Take Your Pills: Xanax review | ‘This is an epidemic of loneliness’

★★★★☆ Take Your Pills: Xanax asks all the right questions about the epidemic's material causes, but what about the spiritual?



It is a drug that has taken on an entirely new life and legacy, Xanax. From promotion and sustained use in hip-hop and the surrounding culture to the commercial minefield of American pharmacology, and the age of social media and hyper-partisan politics, Xanax has a history brimming with baggage; and Netflix’s new documentary, ‘Take Your Pills: Xanax’, sheds a careful light onto this phenomenon.

It begins with Google searches. ‘Why am I so anxious?’, ‘is there anything I can take?’, ‘escape the anxiety trap.’

Early on, the question is asked, are we as a society more anxious than usual? From the off, there is a particular focus on social media, the seemingly perfect and heavily-curated lives of influencers, that pick apart the self-conscious audience.


Through social media and the 24-hour news cycle, we are bombarded almost constantly by insecurity, worry, and fatigue. Events that, in any other era, would likely not be immediately known (a disaster in a foreign country, for instance) can suddenly strike anyone anywhere in the world. It is a unique set of mental stressors inflicted upon an utterly unique generation.

‘There is an epidemic of loneliness.’

‘Social media will make you anxious, there’s really no way about it.’

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According to the documentary, one in eight Americans have an anti-anxiety prescription. For younger generations, Xanax is ubiquitous. Everyone knows someone who can source it through conventional or unconventional means. The documentary thoroughly explains the panic attack through the eyes of those experiencing it, what it feels like, and what causes it.

‘Anxiety is your body telling you that something is wrong.’

Throughout, there are many reasons attributed to the use of the drug. Bullying, the pandemic and its restrictions, school and career stress, parenthood, menopause, and a generally nervous disposition.

Usage has exploded in the 21st century. A consistent rise in the use of anxiety medication has been observed over the past two decades. After the September 11th attacks, there was a 23% uptick in Xanax use in New York.

Constantly hanging over the drug is a growing legacy of addiction. The documentary doesn’t shy away from discussions of over-prescription, withdrawals and addiction.

‘Knowing what I know now, I would have never taken that first prescription. It was the biggest mistake of my life.’


That was ‘John’, whose overuse of Xanax and subsequent withdrawals led to a mental breakdown and suicide attempt.

‘If your problems didn’t scare you, wait until you see our solutions’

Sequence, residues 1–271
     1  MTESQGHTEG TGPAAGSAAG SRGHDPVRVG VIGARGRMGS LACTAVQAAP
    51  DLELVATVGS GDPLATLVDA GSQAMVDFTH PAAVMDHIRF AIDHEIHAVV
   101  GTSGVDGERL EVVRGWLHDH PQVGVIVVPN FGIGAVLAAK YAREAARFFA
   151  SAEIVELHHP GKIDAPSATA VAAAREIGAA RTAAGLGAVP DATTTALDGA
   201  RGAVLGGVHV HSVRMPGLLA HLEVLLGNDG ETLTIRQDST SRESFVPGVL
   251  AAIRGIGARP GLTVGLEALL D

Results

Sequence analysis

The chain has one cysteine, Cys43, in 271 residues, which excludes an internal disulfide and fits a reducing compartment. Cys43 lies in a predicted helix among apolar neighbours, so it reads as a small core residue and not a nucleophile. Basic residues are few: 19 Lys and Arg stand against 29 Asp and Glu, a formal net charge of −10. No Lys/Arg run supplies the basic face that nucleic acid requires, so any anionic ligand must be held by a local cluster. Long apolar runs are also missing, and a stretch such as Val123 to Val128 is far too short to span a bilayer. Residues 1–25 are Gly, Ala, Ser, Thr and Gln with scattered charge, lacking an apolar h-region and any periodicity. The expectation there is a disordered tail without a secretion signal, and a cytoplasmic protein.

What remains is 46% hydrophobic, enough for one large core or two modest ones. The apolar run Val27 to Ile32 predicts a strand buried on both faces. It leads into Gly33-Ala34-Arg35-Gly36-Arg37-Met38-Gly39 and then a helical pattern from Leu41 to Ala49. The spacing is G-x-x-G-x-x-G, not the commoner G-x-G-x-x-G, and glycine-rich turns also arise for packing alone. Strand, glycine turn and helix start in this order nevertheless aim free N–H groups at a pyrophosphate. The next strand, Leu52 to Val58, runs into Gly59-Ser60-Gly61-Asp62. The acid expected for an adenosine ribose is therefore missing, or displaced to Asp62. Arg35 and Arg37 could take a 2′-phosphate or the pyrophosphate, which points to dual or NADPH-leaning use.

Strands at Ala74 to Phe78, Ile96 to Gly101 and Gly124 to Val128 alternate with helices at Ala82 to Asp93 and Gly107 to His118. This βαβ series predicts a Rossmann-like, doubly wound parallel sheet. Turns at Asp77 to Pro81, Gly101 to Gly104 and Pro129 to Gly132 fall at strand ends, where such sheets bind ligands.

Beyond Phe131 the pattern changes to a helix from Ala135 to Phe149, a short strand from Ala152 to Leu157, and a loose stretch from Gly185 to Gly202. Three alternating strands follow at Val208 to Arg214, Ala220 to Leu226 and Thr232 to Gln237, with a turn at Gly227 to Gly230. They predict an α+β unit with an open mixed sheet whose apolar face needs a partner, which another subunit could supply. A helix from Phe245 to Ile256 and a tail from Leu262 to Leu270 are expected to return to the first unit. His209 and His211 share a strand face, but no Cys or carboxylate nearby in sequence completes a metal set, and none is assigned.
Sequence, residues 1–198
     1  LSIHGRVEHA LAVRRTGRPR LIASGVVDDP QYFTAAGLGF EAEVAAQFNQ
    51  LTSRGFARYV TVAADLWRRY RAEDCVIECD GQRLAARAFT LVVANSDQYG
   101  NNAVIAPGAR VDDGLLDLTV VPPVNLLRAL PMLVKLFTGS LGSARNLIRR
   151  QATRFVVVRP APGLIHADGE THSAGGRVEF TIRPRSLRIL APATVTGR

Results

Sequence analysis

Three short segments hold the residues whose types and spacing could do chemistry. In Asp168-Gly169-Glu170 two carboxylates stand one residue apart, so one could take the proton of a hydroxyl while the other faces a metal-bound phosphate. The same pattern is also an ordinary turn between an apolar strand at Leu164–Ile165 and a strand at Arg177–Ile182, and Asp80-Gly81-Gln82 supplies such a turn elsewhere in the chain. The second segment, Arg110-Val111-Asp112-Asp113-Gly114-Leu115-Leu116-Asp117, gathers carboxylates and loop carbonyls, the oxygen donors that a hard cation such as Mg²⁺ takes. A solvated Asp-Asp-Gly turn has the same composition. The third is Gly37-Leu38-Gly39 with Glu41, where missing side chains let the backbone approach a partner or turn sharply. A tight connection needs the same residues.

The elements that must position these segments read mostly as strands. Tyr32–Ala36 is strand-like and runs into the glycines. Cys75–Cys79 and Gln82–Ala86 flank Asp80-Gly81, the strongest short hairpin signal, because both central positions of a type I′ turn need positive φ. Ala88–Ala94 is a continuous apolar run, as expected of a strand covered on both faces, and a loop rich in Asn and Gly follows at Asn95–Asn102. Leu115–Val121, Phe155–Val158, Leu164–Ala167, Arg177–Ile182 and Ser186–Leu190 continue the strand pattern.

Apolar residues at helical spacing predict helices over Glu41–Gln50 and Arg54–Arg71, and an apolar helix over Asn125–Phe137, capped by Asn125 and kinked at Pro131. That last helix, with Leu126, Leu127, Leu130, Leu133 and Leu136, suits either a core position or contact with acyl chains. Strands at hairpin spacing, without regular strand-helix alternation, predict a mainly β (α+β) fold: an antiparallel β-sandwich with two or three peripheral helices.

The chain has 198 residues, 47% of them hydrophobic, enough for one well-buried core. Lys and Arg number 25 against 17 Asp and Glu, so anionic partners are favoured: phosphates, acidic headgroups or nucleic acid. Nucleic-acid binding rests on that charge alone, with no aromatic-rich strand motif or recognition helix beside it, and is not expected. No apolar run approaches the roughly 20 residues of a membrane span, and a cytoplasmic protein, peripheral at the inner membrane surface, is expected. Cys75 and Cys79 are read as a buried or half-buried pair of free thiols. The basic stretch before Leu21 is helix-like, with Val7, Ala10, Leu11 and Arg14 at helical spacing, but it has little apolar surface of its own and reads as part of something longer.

‘People are taking Xanax way too often, for way too long.’

A big part of this issue and its locality in the United States seems to stem from American law permitting the advertising of pharmaceutical drugs directly to potential consumers. Such adverts offer people their lives back and freedom from discomfort. However, this seems to affect older generations more.

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For the youth, it is an entirely different cultural beast. In the 2010s, Xanax was the drug of choice for many rappers and influencers within the adjacent online communities. It moved from a pharmaceutical to a recreational drug in the eyes of many.

Some, most notably the aptly named rapper Lil Xan, based his entire persona on his drug use. For impressionable teenagers, this is remarkably dangerous, and the documentary does well to shed light on this. Though the culture seems to have shifted, Xanax is now widely treated with contempt and suspicion. This is in no small part due to the high-profile deaths of several rappers and artists due to taking street versions of the drug, often laced with the deadly fentanyl.


Dr Anne Lembke

Overall, the documentary fairly balances its acknowledgement of the drug’s utility in combating physical symptoms while not shying away from the addictive qualities of such medications. However, where I feel the documentary falls short is a generally materialistic view of mental health and mental illness. Money, national and global affairs, relationships and technology play significant roles; however, so do matters of the spirit. Are we fulfilled? Do our lives contain sufficient meaning? Why do I have to spend a third of my life in a job I hate? I’m lonely, loveless, and nihilistic. I have no faith, no future.

Xanax may very well have helped millions of people manage their anxiety symptoms. It may well have destroyed a life for every one it saved. Perhaps Xanax is just a quick fix. A plaster taped over a person’s natural and reasonable response to the modern world; that moves at the speed of light, in which everyone is exposed, under a microscope, one wrong step or misplaced word away from social devastation. The causes of anxiety are treated as facts of life, as is anxiety itself.

This documentary is fascinating and well produced; the editing is crisp, and the expertise thoughtful. The testimonies were personal, vulnerable and oddly endearing. And yet, I was left with more questions.

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